32. theblackdog says:

    That bitch stole my mom’s title!

  33. B says:

    @smitty1123: Not drinking and driving FTW

  34. catskyfire says:

    @Jean Naimard:
    You’re lucky you didn’t have some major damage. Getting ‘boozed up’ when you’re still developing and growing could have really caused some problems.

    At the same time, I do agree that parents should show how to drink responsibility and offer the children the chance to learn appropriately. A glass of wine at dinner (perhaps watered, depending on the child’s age) is acceptable. Three bourbon and cokes and a bag of chips is not.

  35. Starfury says:

    Lets see. He’s 19 which is underage for drinking BUT this also means he’s an adult and responsible for himself. His Mom bought the car so I’m assuming that she holds title AND pays for the insurance. She probably also pays for him to go to school while he lives at home.

    From what I can see he broke the one rule she set for him to have a car. If he doesn’t like the rules he can move his behind out and take care of himself. It doesn’t matter if the alcohol wasn’t his: he should NEVER have allowed it in the car in the first place.

    If my kids did something like this: I’d sell the car too.

  36. banmojo says:

    Kudos to this mom for being a real mom. That’s tough love, and we need more of it in this world spiraling out of control. KUDOS!!!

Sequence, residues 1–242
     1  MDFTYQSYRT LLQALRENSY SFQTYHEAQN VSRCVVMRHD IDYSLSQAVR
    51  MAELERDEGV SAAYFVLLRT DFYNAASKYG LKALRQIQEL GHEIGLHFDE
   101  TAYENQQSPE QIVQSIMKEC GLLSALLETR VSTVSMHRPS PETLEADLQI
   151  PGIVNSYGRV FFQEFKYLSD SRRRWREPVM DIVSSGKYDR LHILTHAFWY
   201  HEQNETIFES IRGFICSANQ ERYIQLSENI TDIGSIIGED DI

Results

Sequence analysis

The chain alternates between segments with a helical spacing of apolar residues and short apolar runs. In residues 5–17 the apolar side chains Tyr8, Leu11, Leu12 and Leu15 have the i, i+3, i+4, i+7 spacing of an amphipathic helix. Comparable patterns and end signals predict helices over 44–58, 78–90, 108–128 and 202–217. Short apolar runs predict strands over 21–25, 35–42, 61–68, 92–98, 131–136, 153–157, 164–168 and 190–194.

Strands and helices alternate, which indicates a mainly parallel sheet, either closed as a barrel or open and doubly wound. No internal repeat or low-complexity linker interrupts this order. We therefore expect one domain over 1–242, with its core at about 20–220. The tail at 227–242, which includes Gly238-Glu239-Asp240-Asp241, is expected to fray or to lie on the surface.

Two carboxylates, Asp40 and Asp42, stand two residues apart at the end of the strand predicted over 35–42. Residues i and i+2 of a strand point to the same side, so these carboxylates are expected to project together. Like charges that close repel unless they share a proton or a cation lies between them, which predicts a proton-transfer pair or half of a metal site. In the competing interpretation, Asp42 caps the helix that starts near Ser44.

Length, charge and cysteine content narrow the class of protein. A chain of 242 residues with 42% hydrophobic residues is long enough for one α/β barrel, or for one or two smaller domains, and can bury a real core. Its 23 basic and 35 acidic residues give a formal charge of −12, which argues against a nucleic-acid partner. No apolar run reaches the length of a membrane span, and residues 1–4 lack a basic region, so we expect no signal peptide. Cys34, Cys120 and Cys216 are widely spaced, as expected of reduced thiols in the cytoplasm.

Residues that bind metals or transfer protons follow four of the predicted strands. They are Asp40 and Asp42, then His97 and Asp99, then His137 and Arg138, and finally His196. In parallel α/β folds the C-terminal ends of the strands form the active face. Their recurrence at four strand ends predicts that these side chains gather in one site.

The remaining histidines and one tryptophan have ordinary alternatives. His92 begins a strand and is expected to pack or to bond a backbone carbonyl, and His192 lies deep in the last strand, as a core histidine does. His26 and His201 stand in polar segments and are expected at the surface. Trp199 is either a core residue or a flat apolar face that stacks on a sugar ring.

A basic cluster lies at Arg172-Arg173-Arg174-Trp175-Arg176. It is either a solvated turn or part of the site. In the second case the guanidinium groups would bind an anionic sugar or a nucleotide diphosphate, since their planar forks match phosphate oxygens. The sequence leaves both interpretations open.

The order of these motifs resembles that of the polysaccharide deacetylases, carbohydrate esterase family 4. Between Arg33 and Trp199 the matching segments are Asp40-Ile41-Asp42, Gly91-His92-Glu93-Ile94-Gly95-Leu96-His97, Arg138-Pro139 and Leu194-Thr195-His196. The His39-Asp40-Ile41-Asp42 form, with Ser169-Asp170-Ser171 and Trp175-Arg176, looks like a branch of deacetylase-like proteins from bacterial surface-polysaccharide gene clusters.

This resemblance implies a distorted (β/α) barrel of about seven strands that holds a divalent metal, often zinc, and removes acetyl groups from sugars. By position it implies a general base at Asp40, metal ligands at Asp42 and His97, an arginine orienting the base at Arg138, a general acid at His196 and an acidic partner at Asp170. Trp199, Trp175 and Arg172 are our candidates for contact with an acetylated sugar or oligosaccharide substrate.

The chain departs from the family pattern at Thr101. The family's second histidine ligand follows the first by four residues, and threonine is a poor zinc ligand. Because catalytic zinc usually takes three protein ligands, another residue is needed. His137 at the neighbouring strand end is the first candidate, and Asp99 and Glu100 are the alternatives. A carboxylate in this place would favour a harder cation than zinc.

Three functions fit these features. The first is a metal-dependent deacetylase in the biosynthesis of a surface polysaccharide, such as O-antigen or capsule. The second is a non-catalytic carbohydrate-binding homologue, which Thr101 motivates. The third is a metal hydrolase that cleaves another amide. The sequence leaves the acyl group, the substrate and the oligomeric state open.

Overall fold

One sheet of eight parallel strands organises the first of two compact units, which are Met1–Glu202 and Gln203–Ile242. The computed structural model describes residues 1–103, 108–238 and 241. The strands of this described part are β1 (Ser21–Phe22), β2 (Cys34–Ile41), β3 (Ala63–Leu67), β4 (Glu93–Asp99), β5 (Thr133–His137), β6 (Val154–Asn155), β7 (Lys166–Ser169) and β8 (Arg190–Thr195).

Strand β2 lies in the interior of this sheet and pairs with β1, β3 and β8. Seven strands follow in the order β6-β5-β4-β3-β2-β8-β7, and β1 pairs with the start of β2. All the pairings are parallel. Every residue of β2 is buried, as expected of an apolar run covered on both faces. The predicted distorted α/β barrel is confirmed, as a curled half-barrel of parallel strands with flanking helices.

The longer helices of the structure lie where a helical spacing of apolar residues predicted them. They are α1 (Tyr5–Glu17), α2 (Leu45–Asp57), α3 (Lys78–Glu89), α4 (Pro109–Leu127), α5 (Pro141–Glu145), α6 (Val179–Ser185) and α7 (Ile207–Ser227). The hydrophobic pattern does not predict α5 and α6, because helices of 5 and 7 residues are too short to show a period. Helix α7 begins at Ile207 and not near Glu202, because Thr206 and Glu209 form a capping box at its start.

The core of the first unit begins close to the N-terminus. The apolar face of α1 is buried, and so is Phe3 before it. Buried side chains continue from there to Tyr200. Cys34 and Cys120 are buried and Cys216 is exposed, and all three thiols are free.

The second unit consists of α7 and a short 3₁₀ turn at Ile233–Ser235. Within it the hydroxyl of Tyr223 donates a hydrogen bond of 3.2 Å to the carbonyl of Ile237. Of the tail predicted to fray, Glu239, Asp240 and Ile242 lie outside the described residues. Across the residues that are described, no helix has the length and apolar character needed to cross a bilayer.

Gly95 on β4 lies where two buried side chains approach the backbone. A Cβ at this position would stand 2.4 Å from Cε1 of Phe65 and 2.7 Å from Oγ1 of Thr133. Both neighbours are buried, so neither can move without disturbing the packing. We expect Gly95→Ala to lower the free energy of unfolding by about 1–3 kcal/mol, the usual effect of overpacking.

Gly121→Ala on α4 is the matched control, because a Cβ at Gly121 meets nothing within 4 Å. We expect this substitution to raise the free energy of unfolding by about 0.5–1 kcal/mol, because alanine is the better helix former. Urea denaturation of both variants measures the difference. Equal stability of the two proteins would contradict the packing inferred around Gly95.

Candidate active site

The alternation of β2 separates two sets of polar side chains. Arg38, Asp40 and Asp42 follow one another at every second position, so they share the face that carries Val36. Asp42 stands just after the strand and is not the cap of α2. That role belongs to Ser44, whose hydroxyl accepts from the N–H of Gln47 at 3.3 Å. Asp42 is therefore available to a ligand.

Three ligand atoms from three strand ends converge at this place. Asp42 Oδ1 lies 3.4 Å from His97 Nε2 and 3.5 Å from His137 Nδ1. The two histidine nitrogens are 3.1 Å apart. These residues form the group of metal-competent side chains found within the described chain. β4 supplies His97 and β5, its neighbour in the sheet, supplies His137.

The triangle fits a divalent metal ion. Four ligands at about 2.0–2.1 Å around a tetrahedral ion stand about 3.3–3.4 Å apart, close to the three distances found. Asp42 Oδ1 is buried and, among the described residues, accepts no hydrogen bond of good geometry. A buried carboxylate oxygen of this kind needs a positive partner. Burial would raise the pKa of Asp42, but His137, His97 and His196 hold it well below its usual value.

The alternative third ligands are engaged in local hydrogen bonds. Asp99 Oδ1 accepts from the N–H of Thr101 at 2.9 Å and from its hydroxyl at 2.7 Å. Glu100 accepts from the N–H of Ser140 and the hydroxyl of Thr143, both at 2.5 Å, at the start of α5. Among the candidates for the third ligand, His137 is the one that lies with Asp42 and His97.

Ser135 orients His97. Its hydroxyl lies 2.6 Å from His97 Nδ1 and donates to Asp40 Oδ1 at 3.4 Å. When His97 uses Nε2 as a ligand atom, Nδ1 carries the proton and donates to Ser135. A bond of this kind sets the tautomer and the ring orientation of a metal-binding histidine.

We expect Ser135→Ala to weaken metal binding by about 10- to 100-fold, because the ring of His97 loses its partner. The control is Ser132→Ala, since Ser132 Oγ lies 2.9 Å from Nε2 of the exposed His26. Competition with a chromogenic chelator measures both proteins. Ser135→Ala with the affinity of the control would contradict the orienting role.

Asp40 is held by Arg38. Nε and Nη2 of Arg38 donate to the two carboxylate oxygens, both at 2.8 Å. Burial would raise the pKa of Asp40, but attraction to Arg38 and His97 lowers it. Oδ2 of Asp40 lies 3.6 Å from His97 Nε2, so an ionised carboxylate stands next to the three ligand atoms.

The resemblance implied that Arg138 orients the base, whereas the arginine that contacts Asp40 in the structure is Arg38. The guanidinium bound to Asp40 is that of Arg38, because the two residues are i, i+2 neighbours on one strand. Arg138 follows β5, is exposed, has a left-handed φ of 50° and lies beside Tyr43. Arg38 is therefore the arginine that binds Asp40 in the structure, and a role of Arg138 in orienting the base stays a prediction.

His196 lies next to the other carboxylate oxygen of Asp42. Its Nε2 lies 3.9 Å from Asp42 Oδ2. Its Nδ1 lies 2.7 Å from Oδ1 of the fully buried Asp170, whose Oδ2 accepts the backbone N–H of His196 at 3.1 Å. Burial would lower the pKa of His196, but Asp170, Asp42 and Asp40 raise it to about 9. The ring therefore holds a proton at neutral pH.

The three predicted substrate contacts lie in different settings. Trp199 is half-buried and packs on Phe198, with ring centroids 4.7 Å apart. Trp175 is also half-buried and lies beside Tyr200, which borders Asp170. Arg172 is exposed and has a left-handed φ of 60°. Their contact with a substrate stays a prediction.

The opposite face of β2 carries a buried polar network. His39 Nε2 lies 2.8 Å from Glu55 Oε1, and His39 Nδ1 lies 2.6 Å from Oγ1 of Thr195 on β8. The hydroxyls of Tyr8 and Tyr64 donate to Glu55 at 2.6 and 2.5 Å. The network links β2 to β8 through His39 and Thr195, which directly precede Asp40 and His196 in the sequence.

37. esthermofet says:

    If the car was in her name, she’s within her rights to sell it out from under him.

    I, however, likely would have called the police… then sold the car.

    “Sorry, Jr., obviously my parenting wasn’t enough for you — welcome to adulthood. These gentlemen have some nice bracelets for you.”

  38. MelL says:

    @esthermofet: So giving your child a criminal record is your idea of a good thing?

  39. ClayS says:

    I think the story is just a ploy to sell the car at a higher price.

  40. ManicPanic says:

    @catskyfire: Yeah, this happened to some kids in my high school way back when and they all got hit with it because they were all underage and there was a bottle of booze in the car. It was one of theirs and I think one of them had been drinking but it affected them all.

  41. ManicPanic says:

    @catskyfire: And that was in regards to your imagine a policeman finding it comment, not the growth-stunting one!

  42. ManicPanic says:

    PS My mom would have HIT me with the car if this had been me. Then she might have even shifted it into reverse and done it again just to make sure I got the point :-)

  43. Skiffer says:

    Let’s also not forget that while he’s at college, he is still considered a dependent – and so the mother has every right to whatever parenting methods she deems fit (barring actual abuse, obviously).

    I don’t think we have any right to criticize her parenting at all.

    But damn – this is one of the best classifieds I’ve ever seen – way to go!

    (Granted, the excessive media exposure may be pushing it a bit…)

  44. AcidReign says:

        Mom buys the car, mom makes the rules. Freshman rides the bus for a while.

        Publishing the kid’s dirty laundry in the classifieds, not cool. Might be time to move out and provide for himself…

  45. topgun says:

    @RvLeshrac: Geez, I hope you’re not able to reproduce.

  46. FLConsumer says:

    Gotta love the puritanical society we live in.